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Hedge fund scammer to face federal judge in NYC

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[July 03, 2008]  NEW YORK (AP) -- The beginning of the end for a financier on the run came when he reached out to his sister-in-law. She then called her mother, who in turn called a man she had grown to trust at the U.S. Marshals Service.

Samuel Israel III, on the lam for three weeks after faking his own suicide to avoid reporting to prison, told his family early Wednesday that he was considering surrendering.

Auto RepairHis mother asked Ed Farrell, a supervisory inspector on the U.S. marshals' Fugitive Task Force in Chicago, to promise her son's safety.

"I said, 'We'll assure his safety,'" Farrell said.

Minutes later, the bearded Israel walked into a small-town police station in Massachusetts and surrendered while talking to his mom on his cell phone.

"It was great," Farrell said. "The best part is it was resolved peacefully."

Israel, 49, was due in federal court in Manhattan on Thursday morning. He asked during a court appearance in Springfield, Mass., on Wednesday to go directly to the federal medical prison in Massachusetts where he is supposed to be serving his 20-year sentence.

Judge Michael Ponsor denied the request, forcing him to face an additional charge in New York of failing to surrender to serve a federal sentence. If convicted, he could be sentenced to 10 more years in prison.


Israel was sentenced in April for conspiracy and fraud. Prosecutors said he and two other men scammed investors into putting $450 million into hedge funds by announcing nonexistent profits and providing fake audits, and made millions in commissions on trades that lost money for the investors. The total loss to investors was about $300 million.

Israel disappeared June 9, the day he was to report to prison. His SUV was found abandoned on a bridge over the Hudson River in a New York City suburb with the words "Suicide is Painless" -- the theme song for the "M A S H" television show -- scrawled in dust on the hood.


Authorities scoured the river for a body and quickly determined that the suicide was a ruse -- that Israel fled in his white recreational vehicle with a scooter and his belongings. He was thought to be staying at RV parks, campgrounds or highway rest areas. Authorities also arrested Israel's girlfriend on charges that she helped her lover elude the government.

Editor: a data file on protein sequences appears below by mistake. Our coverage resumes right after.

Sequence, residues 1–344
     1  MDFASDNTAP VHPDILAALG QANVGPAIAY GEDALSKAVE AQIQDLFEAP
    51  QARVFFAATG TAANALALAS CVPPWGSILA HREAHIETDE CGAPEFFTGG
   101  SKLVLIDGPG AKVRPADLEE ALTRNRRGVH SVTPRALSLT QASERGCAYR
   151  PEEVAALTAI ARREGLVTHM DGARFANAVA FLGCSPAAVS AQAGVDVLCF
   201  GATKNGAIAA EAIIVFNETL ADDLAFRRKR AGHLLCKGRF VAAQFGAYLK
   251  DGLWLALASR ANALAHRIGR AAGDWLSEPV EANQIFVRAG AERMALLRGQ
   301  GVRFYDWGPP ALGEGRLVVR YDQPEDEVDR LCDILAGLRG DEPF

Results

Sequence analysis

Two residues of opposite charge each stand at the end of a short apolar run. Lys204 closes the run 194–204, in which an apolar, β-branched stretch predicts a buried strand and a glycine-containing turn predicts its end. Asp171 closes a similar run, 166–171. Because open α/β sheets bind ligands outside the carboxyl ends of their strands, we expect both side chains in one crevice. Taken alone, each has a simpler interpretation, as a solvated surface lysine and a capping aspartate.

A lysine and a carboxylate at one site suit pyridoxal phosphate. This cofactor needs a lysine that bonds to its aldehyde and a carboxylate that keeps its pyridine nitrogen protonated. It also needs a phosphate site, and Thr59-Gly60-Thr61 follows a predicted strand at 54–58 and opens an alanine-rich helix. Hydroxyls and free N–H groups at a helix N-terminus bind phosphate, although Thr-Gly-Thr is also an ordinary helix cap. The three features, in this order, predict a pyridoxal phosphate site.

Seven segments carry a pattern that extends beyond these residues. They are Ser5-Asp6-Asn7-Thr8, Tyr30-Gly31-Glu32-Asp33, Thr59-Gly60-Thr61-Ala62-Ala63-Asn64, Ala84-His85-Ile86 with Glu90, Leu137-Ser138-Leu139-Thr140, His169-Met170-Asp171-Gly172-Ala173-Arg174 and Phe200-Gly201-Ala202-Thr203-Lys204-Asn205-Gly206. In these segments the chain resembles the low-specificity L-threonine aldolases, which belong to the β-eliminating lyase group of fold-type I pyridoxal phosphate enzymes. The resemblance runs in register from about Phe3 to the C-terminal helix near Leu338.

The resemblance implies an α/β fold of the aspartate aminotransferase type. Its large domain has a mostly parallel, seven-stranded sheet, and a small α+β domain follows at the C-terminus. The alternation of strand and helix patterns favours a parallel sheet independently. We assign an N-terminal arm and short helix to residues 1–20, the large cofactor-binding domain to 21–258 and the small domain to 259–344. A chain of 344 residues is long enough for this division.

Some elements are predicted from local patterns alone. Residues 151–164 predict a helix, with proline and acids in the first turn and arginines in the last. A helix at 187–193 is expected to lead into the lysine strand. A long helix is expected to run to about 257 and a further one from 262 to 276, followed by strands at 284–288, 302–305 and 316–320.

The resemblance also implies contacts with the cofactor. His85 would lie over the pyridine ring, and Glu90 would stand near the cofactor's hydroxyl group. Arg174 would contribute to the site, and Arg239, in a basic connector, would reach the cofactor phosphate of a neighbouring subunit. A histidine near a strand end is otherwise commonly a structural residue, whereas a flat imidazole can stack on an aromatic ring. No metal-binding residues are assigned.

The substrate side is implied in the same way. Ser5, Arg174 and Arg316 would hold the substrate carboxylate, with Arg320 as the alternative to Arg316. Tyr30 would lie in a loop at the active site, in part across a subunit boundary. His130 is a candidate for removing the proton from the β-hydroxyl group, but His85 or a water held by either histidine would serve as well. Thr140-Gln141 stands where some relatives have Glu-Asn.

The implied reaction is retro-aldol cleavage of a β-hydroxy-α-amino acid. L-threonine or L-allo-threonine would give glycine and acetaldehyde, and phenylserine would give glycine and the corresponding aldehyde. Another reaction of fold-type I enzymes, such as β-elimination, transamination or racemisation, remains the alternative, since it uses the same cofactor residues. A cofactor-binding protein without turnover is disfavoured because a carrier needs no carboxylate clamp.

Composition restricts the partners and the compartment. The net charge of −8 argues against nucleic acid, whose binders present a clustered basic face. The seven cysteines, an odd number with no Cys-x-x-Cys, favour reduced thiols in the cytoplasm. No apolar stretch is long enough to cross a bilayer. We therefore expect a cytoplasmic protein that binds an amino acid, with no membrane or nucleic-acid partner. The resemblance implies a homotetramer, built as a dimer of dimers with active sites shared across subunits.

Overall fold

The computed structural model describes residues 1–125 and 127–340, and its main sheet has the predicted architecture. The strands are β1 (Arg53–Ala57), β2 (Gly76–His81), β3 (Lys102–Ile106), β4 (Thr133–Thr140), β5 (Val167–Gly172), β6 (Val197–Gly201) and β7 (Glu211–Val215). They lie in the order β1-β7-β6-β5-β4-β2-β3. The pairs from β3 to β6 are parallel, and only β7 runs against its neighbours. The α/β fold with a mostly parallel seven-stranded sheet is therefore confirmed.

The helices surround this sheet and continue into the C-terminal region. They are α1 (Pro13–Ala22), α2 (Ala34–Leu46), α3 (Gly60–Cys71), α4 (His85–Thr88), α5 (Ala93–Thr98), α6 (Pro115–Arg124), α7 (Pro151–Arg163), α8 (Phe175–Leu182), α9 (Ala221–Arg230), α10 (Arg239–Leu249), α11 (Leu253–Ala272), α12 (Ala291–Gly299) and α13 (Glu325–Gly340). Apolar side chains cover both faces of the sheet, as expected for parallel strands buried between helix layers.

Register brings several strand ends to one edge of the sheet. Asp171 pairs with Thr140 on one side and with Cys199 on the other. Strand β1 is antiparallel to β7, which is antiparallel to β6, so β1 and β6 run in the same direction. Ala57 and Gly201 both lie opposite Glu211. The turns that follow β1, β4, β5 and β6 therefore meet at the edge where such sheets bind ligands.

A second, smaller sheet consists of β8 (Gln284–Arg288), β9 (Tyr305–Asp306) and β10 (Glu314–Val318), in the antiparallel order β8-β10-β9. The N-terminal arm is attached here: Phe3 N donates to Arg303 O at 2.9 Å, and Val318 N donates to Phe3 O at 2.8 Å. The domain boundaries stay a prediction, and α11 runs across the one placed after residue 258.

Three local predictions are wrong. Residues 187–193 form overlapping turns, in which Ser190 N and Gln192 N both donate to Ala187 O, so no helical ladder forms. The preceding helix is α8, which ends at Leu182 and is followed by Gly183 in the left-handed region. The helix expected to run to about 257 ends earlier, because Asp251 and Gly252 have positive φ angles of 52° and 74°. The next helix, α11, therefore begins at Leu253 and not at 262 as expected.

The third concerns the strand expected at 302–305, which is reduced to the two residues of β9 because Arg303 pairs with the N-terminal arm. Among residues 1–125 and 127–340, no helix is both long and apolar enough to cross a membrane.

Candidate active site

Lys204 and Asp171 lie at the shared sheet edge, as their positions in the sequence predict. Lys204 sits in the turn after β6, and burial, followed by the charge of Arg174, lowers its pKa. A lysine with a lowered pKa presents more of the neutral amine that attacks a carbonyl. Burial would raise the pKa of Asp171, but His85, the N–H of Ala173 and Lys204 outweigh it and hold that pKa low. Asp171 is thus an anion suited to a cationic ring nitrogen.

Israel did not have a lawyer with him at his court appearance Wednesday. His lawyers did not return phone messages. His mother refused comment when reached at her home in Illinois.

Frank Dawson, a U.S. Marshals Service spokesman in Boston, said Israel "knew they were getting close to him, so he probably did the right thing."

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Israel's RV was found in Granville, Mass., officials said. He had planned to surrender there, but the town's part-time police department was closed, so he rode a motor scooter to nearby Southwick to turn himself in, authorities said.

Israel walked into the police station wearing a T-shirt and shorts, identified himself and said he was a fugitive wanted by the federal government, officials said.

"He was polite, very contrite and a perfect gentleman at all times," Southwick police Officer Paul Miles said.

It was a humbling fall for Israel, who once enjoyed the glamour of an investment banking and hedge fund career that gave him a home in the playpen of the rich. He once rented a house from Donald Trump for $32,000 a month.


Complicating Israel's time on the run were his medical problems. He has had nine back surgeries, wears a pacemaker and is addicted to painkillers, according to prosecutors.

His ailments -- along with 2 1/2 years of cooperating with authorities -- helped him get less than the maximum 30-year sentence. Judge Colleen McMahon also granted him two months to surrender to prison after he was sentenced.

Farrell, of the Marshals Service, said he had met with family members who live in the Chicago area to encourage them to help investigators if they were ever contacted by the fugitive.

He said he met for 2 1/2 hours a week ago with Israel's parents, Ann and Larry Sr.

"It's more just garnering trust," he said. "You're a complete stranger saying, 'You don't know me, but I want you to trust me.'"

[Associated Press; By LARRY NEUMEISTER]

Associated Press writers Tom Hays and Jim Fitzgerald in New York, Denise Lavoie in Boston and Stephen Singer in Springfield, Mass., contributed to this report.

Copyright 2008 The Associated Press. All rights reserved. This material may not be published, broadcast, rewritten or redistributed.



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